This poses an existential question for marketers: as their company becomes more digitally sophisticated, who will own customer experiences and control the growth levers embedded in them?

Rise (and Fall?) of Marketing's Scope Explosion

There are multiple answers to that question, but consider two alternatives illustrated above:

  1. Marketing and product effectively merge organizationally.
  2. Product and marketing remain separate organizationally, with product owning customer experiences and marketing’s scope contracting back to communications.

The first alternative is arguably what’s happening in firms where a chief digital officer (CDO) or chief customer officer (CCO) is orchestrating customer experiences — or in companies where the CMO explicitly owns digital commerce or customer experience. According to the latest CMO report from Gartner that includes a significant portion of large enterprises today:

CMO Reports

Yet the second alternative is more common in digital natives, who created and grew their digital products outside of the marketing department to begin with. For these companies, frankly, their product leadership demands more technical depth than their marketing teams are capable of managing.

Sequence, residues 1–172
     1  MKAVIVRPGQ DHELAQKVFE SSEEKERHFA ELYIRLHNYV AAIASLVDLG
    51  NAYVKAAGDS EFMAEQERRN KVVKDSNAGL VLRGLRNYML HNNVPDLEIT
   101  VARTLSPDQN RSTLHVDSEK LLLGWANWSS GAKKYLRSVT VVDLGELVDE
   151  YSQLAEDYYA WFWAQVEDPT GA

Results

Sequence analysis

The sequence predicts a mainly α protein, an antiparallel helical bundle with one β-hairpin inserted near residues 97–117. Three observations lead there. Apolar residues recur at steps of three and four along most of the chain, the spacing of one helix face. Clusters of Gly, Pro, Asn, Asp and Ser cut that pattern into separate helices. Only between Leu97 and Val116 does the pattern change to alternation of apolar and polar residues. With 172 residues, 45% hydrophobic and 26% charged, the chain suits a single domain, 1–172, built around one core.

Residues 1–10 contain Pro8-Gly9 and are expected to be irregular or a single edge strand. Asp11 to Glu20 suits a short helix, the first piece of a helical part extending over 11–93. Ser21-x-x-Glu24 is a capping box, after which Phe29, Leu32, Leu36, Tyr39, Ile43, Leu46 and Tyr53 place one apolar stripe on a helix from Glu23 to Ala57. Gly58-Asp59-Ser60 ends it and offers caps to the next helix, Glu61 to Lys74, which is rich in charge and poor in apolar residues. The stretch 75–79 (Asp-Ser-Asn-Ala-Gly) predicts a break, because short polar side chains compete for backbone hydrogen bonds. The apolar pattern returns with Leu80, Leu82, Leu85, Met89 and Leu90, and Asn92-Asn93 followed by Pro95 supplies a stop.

No offense is intended by that observation. But there are limits to the product development capabilities of most marketers that may naturally define logical skills-based boundaries to the marketing department.

In between those two alternatives is a wide range of collaborative models, many of which may look rather messy on a formal org chart. Welcome to the tangled world of entwined overlaps instead of rigidly neat silos.

If product and marketing are separate teams — and looking at the lead user digital natives, I think they will be, even if they roll up under the same top-level executive — marketing may still wield significant influence on experiences, not merely communications. But “influence” is the operative word here; not necessarily ownership.

Marketing is too important to be left to the marketing department.

Ironically, the relationship between marketing and product may likely resemble the one we’ve seen emerge between IT and marketing in the era of the marketing technologist.